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State v. Jackson

Supreme Court of Ohio

September 7, 2017

The State of Ohio, Appellant,
v.
Jackson, Appellee.

          Submitted June 6, 2017

         Appeal from the Court of Appeals for Cuyahoga County, No. 103035, 2016-Ohio-704.

          Michael C. O'Malley, Cuyahoga County Prosecuting Attorney, and Daniel T. Van and John F. Hirschauer, Assistant Prosecuting Attorneys, for appellant.

          Nee Law Firm, L.L.C., and Matthew M. Nee, for appellee.

          Russell S. Bensing, urging reversal for amicus curiae Ohio Association of Criminal Defense Lawyers.

          Robert L. Tobik, Cuyahoga County Public Defender, and Cullen G. Sweeney and John T. Martin, Assistant Public Defenders, urging reversal for amicus curiae Cuyahoga County Public Defender.

          Fischer, J.

         {¶ 1} In this case, we clarify that which we believe is already clear-any dismissal of a count in an indictment resolves that count and does not prevent a judgment of conviction from being final and appealable. Accordingly, we reverse the judgment of the court of appeals dismissing appellee Andrew L. Jackson's appeal for lack of a final and appealable order, we reinstate Jackson's appeal, and we remand the cause to the appellate court for further proceedings.

         I. BACKGROUND

         {¶ 2} Jackson was indicted on two counts of kidnapping under R.C. 2905.01(A)(2), two counts of aggravated robbery under R.C. 2911.01(A)(1), and one count of grand theft under R.C. 2913.02(A)(1). The indictment also included firearm and forfeiture specifications for each count.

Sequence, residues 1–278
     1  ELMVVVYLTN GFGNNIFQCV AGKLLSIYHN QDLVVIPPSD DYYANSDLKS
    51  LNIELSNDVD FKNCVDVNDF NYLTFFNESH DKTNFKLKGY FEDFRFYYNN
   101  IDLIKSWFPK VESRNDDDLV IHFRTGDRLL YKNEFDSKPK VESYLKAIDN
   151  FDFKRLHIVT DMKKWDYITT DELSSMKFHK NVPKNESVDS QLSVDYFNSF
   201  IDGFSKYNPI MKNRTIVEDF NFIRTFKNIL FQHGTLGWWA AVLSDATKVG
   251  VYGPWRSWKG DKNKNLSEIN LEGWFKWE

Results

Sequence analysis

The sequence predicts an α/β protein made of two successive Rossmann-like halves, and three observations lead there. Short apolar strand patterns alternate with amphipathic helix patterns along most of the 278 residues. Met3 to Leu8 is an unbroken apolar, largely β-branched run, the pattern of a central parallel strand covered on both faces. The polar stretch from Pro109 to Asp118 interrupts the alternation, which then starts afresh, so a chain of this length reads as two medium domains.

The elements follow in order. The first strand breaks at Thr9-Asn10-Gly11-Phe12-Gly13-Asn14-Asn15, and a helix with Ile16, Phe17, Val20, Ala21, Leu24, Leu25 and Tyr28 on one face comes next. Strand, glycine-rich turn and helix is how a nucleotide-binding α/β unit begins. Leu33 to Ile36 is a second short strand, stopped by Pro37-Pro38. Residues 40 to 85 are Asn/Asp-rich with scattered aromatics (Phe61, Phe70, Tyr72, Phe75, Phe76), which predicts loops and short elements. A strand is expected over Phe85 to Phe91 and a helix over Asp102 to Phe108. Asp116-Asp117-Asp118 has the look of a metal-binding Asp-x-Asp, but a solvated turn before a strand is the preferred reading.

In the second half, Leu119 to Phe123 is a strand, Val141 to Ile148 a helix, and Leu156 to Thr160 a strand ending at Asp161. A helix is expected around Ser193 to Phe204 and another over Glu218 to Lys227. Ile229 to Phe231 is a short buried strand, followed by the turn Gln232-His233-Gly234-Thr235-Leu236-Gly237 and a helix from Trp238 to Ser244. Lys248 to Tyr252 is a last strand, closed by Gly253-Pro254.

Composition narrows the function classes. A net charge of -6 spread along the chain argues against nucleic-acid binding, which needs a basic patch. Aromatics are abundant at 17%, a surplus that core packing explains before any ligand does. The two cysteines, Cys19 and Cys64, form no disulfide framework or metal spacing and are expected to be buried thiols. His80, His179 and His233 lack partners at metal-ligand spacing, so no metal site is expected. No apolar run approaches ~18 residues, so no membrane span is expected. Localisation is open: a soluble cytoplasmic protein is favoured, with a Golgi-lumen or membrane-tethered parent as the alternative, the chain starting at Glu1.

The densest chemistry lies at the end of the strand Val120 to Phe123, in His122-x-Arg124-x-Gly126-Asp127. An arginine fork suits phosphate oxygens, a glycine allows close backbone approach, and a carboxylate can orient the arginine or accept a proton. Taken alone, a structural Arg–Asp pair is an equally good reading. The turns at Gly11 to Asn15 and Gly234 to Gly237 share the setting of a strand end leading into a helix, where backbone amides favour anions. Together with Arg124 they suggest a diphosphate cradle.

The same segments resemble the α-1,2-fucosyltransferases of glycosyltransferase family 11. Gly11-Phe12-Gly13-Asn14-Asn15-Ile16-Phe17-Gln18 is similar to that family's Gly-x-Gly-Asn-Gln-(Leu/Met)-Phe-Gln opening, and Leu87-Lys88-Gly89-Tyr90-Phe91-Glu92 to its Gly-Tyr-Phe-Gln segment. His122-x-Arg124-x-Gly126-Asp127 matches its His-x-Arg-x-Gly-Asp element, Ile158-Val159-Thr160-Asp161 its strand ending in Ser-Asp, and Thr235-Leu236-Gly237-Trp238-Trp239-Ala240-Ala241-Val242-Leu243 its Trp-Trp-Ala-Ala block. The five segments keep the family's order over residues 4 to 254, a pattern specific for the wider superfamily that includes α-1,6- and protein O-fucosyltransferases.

{¶ 3} Jackson pleaded not guilty, and the case proceeded to a jury trial. The jury returned a verdict of guilty on the grand-theft count and aggravated-robbery counts; however, the jury was unable to reach a verdict on the kidnapping counts. The jury found Jackson not guilty of all firearm specifications. The forfeiture specifications were not submitted to the jury or to the court because Jackson stipulated at trial that he forfeited any right, title, interest, or claim to the handgun introduced as an exhibit at trial.

         {¶ 4} After the trial court declared a mistrial on the kidnapping counts, the state orally moved to dismiss those counts against Jackson. The trial court granted the state's unopposed motion.

         {¶ 5} At sentencing, the trial court found that the grand-theft count and one count of aggravated robbery were allied offenses and merged those two counts. The court sentenced Jackson to a six-year term of incarceration on each aggravated-robbery count to be served concurrently. The trial court entered judgment on the convictions and included in the judgment entry the dismissal of the kidnapping counts.

         {¶ 6} Jackson appealed his judgment of conviction. The court of appeals, sua sponte, dismissed Jackson's appeal for lack of a final, appealable order after it determined that the trial court had dismissed the kidnapping counts without prejudice. 2016-Ohio-704 at ¶ 5, 11. Relying on its precedent in State v. Cole, 8th Dist. Cuyahoga No. 88722, 2007-Ohio-3076, ¶ 8, and Fairview Park v. Fleming, 8th Dist. Cuyahoga Nos. 77323 and 77324, 2000 Ohio App. LEXIS 5714 (Dec.7, 2000), the appellate court held that "in a ...


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